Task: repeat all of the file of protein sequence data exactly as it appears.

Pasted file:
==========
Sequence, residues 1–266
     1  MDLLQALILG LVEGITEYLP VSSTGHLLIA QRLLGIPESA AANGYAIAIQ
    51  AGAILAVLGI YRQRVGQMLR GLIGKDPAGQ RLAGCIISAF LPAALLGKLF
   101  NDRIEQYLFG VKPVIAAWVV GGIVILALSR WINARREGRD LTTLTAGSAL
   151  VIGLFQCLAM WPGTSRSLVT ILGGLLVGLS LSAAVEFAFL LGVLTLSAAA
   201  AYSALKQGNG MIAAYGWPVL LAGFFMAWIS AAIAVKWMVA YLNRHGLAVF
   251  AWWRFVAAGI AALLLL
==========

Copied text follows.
Sequence, residues 1–266
     1  MDLLQALILG LVEGITEYLP VSSTGHLLIA QRLLGIPESA AANGYAIAIQ
    51  AGAILAVLGI YRQRVGQMLR GLIGKDPAGQ RLAGCIISAF LPAALLGKLF
   101  NDRIEQYLFG VKPVIAAWVV GGIVILALSR WINARREGRD LTTLTAGSAL
   151  VIGLFQCLAM WPGTSRSLVT ILGGLLVGLS LSAAVEFAFL LGVLTLSAAA
   201  AYSALKQGNG MIAAYGWPVL LAGFFMAWIS AAIAVKWMVA YLNRHGLAVF
   251  AWWRFVAAGI AALLLL